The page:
In its legal briefs, the State Department argued that it was simply following long-established procedure. They denied any sudden change in policy, claiming to be unaware of other instances where COA had deferred a decision past the deadline. However, COA was able to produce emails it had sent to the State Department in the past, apprising them of identical situations where a decision was deferred. At the time, the State Department had showed tacit acceptance of the practice and raised no objections.

In Leighton’s ruling, it’s clear that this evidence was damning to the State Department’s case. “State’s current position contradicts its past implicit interpretation and constitutes an ‘unfair surprise,’” Leighton writes. “State had for years acquiesced to COA’s practice of processing applications past the expiration of accreditation, and even acknowledged that practice itself.”

“Judge Leighton’s analysis was blistering,” says Meske. “Essentially, the State Department was caught in a lie.” Indeed, the entire 29-page injunction is a thorough indictment of an unaccountable bureaucracy, doing what it wants and finding legal justification after the fact. Leighton calls State’s case “unpersuasive,” “quite unconvincing,” “unsupported and unintuitive,” “illogical,” and “having little textual support.”

“The Court can identify no good reason why the drafters of the [International Adoption Act] or its regulations would have intended such an unnecessary waste of resources,” Leighton concludes. “It certainly does not benefit the children whose adoptions have apparently been frustrated by State’s directive.”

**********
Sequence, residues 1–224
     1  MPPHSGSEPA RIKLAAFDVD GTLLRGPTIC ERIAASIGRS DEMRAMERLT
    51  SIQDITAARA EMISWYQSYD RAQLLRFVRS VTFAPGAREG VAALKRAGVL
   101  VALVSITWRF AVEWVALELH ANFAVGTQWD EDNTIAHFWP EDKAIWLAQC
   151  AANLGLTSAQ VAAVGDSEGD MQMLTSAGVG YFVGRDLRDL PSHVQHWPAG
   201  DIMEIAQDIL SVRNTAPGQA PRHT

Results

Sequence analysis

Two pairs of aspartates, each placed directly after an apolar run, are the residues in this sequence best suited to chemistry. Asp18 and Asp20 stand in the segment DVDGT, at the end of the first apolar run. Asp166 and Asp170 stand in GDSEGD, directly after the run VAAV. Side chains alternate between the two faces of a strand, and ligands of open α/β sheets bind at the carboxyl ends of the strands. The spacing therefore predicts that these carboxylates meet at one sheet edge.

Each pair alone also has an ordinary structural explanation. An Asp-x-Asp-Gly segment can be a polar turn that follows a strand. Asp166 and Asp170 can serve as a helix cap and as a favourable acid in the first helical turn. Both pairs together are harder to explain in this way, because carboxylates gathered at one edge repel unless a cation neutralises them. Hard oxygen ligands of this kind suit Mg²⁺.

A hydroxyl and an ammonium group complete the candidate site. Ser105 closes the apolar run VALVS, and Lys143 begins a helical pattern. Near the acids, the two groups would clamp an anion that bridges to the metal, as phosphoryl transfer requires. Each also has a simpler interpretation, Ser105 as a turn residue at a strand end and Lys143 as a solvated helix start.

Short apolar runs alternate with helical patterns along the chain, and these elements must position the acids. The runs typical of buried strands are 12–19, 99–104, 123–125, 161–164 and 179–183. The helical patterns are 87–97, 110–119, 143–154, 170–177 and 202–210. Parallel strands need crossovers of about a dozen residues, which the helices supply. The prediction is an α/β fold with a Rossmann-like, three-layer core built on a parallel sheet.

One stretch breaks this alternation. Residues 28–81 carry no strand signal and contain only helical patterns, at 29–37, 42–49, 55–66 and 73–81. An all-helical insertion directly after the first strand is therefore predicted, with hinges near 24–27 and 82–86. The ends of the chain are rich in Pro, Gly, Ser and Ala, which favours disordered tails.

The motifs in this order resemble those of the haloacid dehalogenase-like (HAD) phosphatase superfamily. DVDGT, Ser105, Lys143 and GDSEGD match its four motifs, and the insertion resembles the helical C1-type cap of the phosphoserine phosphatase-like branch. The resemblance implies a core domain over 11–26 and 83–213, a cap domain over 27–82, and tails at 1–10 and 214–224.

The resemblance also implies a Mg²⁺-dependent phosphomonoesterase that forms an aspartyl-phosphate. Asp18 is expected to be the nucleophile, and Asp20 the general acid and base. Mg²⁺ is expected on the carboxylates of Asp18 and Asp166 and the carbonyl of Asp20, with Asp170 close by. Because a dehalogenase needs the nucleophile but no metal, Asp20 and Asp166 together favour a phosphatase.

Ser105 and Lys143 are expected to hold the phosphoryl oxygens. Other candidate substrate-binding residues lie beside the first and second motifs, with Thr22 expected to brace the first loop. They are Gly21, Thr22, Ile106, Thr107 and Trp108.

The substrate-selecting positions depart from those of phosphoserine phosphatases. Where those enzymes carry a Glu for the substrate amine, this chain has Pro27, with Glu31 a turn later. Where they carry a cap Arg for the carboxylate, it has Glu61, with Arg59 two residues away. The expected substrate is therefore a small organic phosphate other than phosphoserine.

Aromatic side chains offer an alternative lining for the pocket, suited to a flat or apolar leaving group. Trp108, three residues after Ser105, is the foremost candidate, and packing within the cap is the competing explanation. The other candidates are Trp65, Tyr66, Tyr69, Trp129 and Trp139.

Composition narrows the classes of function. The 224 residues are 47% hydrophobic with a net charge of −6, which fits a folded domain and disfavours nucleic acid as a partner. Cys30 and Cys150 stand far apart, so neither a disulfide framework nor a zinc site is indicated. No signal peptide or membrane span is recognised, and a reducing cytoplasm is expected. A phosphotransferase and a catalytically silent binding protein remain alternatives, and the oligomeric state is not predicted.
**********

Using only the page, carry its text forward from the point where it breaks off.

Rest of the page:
Finding that the plaintiffs’ case was likely to succeed and that further delays would cause irreparable harm, the judge ordered COA to pick up where it had left off in reaccrediting the agencies. It remains unclear whether the case will move forward in the court system, or whether the reaccreditation of the agencies will resolve the matter and render it moot.

Sadly, despite the win in court, much damage has already been done to the adoption agencies’ financial stability. At least one of the three will likely never recover.

Adoption Advocates Prepare For the Next Fight

Leighton’s unambiguous rebuke of the State Department validates what pro-adoption voices have been saying for years: as the legally designated authority over international adoption, State has gone far afield of its original mandate.

“The Office of Children’s Issues is just making up and re-interpreting the rules and regulations as they go along,” says Ron Stoddart of Save Adoptions. “Of course, the burden is then on the adoption agencies to fund litigation to overturn their decisions. These are small nonprofits, and fighting the Department of State is a killer.”

While claiming its new approach will result in more ethical adoptions, the State Department’s actual impact has been to kill agencies and reduce the number of children adopted. (The statistics speak for themselves: intercountry adoption by Americans has fallen by 80 percent and is still declining.) Instead of collaborating with agencies to work toward needed reforms, the State Department has taken an adversarial stance, making adoption providers the enemy.